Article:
The publishing group Mecom paid its former chief executive David Montgomery €1.5m (£1.3m) after he was ousted in January from the company he founded.
Mr Montgomery, a former editor of the News of the World, revealed he had bowed to pressure after a shareholder revolt in September and left the group in January.
Yesterday the group published its full-year results for 2010, which outlined the costs of his departure and that of other executives, which totalled €5.3m. Mecom revealed it had paid €1.5m to Mr Montgomery, and a further €1.2m in "related charges" although not to the former head.
The executive chairman, Stephen Davidson, said: "Through often exceptionally difficult times, David led the group with foresight, tenacity and considerable good grace in the face of challenges on many fronts."
Mr Montgomery, a controversial figure in the media industry who was given the nickname "Rommel", decided to quit after the company's three largest shareholders – Aviva, Invesco and Legal & General – demanded his resignation.
Mr Davidson was appointed to the role of executive chairman after the group's existing chairman Alasdair Locke resigned under pressure from major shareholders following Mr Montgomery in January.
The group has called in headhunter Russell Reynolds to oversee the search for a new chief executive. Mr Davidson will become non-executive chairman when an appointment is made. There was no update yesterday beyond Mr Davidson's remark: "I look forward to introducing our new CEO in the coming months."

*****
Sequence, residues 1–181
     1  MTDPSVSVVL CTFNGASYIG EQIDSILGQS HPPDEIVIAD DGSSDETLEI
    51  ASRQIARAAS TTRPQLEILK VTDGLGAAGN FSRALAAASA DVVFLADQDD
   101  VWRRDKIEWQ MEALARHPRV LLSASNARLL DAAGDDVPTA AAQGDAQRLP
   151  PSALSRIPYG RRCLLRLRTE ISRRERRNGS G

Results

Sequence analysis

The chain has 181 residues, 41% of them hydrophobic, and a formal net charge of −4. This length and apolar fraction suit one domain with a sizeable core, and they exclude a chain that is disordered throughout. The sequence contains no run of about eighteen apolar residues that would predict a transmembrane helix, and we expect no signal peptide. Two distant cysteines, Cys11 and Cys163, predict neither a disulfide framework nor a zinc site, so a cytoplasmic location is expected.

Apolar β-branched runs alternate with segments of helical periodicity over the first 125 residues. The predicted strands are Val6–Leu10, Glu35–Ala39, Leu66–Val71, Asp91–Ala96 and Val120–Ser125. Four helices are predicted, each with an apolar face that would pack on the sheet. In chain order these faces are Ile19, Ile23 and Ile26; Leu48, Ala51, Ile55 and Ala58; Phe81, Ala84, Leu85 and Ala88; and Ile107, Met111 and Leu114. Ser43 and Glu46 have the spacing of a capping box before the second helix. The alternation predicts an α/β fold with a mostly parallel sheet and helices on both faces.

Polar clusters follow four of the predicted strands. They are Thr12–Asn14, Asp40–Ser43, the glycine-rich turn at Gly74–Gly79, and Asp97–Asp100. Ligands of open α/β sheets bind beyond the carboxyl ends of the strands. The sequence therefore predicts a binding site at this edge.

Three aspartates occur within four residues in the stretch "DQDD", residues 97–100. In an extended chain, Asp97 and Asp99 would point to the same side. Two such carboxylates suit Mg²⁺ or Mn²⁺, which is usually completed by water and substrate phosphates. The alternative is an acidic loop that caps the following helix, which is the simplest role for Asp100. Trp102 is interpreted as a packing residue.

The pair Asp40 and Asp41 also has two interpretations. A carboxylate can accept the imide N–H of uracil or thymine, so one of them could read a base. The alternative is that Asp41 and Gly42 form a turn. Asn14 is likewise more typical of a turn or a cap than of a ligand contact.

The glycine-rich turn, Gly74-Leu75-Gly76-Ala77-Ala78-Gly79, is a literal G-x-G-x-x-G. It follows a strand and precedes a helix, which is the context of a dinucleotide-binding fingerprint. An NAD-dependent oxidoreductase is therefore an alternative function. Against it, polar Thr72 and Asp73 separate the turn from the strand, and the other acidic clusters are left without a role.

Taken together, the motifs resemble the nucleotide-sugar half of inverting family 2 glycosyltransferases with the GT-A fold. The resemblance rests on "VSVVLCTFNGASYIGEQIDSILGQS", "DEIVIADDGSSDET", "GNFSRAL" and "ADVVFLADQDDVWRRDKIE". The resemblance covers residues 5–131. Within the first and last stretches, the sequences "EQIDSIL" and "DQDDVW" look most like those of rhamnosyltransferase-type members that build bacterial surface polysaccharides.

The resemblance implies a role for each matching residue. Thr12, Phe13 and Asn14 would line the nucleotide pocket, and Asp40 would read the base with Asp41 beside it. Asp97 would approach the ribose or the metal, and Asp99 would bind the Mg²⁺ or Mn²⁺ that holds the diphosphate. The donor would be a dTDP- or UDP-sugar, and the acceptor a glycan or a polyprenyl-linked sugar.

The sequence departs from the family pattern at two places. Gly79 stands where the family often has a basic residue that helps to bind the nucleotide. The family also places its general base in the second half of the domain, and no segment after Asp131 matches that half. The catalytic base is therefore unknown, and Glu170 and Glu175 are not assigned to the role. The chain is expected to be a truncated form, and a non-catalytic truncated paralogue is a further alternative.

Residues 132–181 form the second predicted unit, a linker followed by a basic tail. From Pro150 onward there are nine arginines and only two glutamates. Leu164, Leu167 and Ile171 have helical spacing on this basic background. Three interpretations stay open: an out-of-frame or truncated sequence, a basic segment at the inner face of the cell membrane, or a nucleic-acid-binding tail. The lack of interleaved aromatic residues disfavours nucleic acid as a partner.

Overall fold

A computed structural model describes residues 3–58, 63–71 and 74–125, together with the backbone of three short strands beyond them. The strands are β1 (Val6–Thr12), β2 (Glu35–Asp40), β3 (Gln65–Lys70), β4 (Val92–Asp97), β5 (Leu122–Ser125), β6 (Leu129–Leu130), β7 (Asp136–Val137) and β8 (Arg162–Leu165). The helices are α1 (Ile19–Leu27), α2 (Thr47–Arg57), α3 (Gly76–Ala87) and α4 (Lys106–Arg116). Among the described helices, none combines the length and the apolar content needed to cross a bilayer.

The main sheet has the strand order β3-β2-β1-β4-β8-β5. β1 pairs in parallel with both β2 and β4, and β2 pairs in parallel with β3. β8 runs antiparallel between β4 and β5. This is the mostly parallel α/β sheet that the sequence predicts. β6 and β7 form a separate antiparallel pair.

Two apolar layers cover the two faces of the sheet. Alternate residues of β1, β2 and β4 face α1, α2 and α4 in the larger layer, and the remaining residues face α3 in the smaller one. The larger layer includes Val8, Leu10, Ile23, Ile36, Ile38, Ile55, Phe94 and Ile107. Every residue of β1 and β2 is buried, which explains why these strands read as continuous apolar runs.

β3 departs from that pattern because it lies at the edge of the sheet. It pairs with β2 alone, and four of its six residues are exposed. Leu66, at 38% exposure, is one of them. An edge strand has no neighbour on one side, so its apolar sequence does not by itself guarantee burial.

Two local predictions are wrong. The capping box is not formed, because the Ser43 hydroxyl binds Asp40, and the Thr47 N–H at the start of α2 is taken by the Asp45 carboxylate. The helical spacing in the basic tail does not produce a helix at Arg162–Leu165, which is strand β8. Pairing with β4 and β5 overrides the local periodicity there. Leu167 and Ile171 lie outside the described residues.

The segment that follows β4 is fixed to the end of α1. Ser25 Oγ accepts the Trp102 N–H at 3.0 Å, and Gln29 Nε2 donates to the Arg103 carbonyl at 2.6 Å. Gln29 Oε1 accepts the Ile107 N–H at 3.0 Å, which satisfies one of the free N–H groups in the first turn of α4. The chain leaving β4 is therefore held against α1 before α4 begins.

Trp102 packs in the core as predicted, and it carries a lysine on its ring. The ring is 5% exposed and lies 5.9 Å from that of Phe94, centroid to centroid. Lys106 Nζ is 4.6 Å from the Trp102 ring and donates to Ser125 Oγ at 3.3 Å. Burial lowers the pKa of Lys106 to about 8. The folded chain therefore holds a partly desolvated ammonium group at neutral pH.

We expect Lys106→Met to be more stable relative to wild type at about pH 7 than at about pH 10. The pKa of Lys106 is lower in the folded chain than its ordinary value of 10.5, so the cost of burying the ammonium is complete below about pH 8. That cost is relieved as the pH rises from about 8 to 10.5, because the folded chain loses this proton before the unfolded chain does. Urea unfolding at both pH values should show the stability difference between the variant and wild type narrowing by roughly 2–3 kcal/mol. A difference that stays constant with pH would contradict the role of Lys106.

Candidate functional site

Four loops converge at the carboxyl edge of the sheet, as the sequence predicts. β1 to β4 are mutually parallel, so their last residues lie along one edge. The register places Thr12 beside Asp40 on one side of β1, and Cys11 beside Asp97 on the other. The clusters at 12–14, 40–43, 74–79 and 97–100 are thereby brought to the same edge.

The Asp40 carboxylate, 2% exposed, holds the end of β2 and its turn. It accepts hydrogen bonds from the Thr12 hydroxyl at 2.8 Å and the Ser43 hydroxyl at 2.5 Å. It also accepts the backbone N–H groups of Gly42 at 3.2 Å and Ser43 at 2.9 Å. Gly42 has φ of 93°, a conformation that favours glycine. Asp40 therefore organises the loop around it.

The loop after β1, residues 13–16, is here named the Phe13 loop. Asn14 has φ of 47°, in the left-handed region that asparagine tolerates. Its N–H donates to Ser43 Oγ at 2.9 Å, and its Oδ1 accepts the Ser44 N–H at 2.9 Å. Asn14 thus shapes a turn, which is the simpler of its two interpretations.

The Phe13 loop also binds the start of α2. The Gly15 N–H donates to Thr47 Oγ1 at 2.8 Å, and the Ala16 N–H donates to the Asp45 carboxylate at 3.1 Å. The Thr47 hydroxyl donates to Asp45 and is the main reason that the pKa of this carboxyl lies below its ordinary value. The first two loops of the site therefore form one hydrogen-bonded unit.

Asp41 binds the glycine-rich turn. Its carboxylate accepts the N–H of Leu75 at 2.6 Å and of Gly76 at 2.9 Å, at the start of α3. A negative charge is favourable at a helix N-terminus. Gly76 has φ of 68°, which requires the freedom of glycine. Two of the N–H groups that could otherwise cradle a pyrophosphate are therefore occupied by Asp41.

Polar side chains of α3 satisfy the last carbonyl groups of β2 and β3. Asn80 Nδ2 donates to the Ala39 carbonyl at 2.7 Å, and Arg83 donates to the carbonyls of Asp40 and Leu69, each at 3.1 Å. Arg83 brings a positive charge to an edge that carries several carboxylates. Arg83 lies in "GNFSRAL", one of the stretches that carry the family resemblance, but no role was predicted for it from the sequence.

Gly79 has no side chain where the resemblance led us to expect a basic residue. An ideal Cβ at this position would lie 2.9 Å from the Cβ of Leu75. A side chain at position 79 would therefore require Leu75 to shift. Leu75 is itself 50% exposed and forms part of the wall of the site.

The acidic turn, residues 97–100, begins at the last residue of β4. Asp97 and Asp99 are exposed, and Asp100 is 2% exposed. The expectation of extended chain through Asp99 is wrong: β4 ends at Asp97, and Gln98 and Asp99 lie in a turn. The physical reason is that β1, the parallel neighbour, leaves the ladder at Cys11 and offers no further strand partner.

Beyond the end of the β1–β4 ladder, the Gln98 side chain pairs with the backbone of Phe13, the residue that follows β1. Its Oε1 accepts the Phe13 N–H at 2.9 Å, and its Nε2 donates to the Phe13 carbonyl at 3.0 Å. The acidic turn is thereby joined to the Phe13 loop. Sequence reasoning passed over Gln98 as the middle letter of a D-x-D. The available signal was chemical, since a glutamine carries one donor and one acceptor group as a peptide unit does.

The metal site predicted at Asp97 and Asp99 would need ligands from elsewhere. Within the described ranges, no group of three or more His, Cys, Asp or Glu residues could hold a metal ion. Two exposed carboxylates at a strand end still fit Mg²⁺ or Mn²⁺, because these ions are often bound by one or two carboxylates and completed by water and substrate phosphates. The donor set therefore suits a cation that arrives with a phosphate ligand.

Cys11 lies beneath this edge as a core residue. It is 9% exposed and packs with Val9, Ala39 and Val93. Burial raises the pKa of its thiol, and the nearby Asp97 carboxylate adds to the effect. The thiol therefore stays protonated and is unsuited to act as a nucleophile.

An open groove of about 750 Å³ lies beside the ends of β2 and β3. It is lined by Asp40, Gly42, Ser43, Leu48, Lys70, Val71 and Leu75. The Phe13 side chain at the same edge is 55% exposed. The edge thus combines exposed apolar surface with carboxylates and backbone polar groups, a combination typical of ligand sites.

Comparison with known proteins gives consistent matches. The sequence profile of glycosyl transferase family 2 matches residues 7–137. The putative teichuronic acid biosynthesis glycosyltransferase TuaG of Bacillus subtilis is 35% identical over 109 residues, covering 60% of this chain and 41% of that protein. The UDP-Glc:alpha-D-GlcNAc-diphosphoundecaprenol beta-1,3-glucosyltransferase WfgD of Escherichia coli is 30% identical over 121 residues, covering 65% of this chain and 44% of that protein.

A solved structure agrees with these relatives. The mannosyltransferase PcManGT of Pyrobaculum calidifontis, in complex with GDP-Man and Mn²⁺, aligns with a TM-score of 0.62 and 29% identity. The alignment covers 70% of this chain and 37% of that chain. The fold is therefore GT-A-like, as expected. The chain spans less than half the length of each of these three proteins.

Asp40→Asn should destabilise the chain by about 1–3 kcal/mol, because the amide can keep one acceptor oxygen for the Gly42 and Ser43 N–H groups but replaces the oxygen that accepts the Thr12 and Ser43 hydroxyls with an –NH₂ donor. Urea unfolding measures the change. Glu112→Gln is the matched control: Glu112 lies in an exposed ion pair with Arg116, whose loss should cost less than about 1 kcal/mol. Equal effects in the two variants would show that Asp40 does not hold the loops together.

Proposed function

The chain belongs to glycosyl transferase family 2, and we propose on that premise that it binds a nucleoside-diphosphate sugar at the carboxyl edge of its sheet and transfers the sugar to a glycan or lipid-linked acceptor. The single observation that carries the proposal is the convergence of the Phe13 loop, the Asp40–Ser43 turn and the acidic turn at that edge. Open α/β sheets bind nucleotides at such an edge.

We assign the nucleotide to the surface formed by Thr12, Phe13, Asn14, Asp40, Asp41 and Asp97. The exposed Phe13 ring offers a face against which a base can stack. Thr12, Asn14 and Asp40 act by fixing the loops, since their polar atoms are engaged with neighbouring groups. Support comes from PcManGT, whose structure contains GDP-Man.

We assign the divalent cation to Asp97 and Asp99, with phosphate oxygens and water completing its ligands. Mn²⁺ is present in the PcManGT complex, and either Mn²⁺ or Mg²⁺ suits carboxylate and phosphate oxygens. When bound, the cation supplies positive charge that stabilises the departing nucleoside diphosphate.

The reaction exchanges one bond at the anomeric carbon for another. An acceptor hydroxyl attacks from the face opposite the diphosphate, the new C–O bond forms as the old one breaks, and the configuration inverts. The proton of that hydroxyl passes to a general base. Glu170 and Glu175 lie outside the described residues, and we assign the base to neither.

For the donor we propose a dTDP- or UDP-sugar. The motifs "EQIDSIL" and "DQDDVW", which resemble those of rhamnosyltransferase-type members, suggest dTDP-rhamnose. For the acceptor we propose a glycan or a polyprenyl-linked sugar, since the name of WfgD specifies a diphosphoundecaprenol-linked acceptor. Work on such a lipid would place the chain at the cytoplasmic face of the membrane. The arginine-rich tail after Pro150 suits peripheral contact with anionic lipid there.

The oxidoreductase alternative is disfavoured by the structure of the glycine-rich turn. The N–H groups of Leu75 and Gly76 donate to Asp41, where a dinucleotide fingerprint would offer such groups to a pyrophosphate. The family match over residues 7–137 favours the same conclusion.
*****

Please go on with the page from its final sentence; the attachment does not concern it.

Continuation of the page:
Mecom also revealed in its results yesterday that it paid out a further €3.8m to Joop Munsterman and Koos Boot, the chief executive and finance director of the group's Wegener business in the Netherlands, who left over the past year.
Lorna Tilbian, a senior analyst at Numis Securities, said yesterday's results were "encouraging". The group reduced non-adjusted pre-tax losses in 2010 from €146m to €73m. It also slashed net debt from €310m to 62.7m.
Mr Davidson said the results showed "the impact of 2009's successful restructuring", adding: "We have made substantial progress against the key operational and financial targets we have set ourselves. The development of our new media business is on track." The company said it would introduce its inaugural dividend payment this autumn. While digital advertising continues to grow, it could not make up the shortfall in overall advertising revenues, which fell 4 per cent to €656m. Circulation revenue improved slightly, up 1 per cent to €564m.
Yet adjusted earnings before interest, taxation, depreciation and amortisation rose 28 per cent as the group's restructuring and cost-cutting strategy paid off.
Mr Davidson said: "When I joined the board in January 2009, our agenda was dominated by the urgent need to rebuild Mecom's balance sheet and to rebase our business. This has been achieved and, following the successful restructuring, the management team has made considerable progress in evolving our new operating model."